Redundancy Situations: Employer’s Failure to Notify and Personal Liability
The answer is both.
Former officers of CityLink and USC (parts of Sports Direct) are to go on trial, and may be found personally liable, for precisely this reason.
This serves as a timely reminder that company officers should be aware of their obligations under the Trade Union and Labour Relations (Consolidation) Act.
It is a legal requirement for an employer to give notice (30 or 45 days) to the Secretary of State in a prescribed form when there is to be a collective redundancy (the proposed dismissal of 20+ employees in a 90 day period). A copy of that notice must also be given to appropriate employee representatives. Exceptions to this requirement are very limited.
In cases of non-compliance, the focus has previously been on fines imposed on the employer. However, it is also the case that where failure to provide statutory notification was the result of consent, connivance or neglect by any director, manager, secretary or other similar officer they, as well as the company, will be guilty of the offence.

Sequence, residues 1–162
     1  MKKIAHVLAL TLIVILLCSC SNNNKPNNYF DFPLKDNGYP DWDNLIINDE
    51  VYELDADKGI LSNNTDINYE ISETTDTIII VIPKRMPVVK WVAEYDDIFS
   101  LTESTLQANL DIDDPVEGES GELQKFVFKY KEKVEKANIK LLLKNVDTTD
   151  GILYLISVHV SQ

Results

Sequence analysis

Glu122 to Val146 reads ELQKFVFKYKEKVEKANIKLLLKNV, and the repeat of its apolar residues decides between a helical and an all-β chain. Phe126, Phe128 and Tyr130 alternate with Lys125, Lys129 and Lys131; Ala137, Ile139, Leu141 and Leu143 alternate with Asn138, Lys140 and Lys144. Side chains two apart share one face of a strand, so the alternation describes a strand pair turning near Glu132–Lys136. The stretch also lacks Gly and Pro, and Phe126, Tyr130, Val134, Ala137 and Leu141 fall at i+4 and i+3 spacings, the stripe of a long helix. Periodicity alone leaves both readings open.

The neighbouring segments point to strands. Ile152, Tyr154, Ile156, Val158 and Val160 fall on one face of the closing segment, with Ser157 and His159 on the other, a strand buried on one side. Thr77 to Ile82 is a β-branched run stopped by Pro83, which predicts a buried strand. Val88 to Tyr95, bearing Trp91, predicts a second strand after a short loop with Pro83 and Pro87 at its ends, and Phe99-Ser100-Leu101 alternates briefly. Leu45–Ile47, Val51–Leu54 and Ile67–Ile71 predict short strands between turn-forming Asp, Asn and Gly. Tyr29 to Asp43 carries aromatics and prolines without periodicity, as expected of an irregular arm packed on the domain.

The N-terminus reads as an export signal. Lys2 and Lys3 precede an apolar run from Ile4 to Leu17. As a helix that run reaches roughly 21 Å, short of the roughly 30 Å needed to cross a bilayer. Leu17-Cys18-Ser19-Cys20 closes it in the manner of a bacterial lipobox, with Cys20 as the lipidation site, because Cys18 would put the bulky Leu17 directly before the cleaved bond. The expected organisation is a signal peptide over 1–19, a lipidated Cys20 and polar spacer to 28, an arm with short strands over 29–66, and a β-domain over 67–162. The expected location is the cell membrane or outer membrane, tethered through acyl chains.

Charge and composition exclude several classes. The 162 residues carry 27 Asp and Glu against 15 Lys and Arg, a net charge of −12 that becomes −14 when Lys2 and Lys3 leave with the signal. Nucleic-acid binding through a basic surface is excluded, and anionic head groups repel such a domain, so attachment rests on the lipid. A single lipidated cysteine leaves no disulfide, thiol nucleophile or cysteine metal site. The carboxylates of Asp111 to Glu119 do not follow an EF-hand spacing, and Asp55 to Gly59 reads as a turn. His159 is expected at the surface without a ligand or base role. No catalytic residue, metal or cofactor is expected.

In the case of CityLink, two directors and a non-executive director are to go on trial. USC’s officer was a company secretary (and is now Sports Direct’s Chief Executive).
The law has been in force for over 20 years but rarely used.
CityLink was a huge wake up call, with almost three thousand redundancies, which cost the government an estimated £5 million in statutory redundancy pay. It also led to MP’s urging an overhaul of the insolvency system to better aid workers.
If convicted as an individual, company officers can face a criminal conviction, fine and potentially a period of disqualification as a director. The fine, previously capped at £5,000, is now unlimited for offences committed after 12 March 2015.
The cases of CityLink and USC may be indicative of a change in approach by BIS and an increased likelihood of prosecutions of individuals in the future. Employers, and their officers, need to be clear of their responsibilities.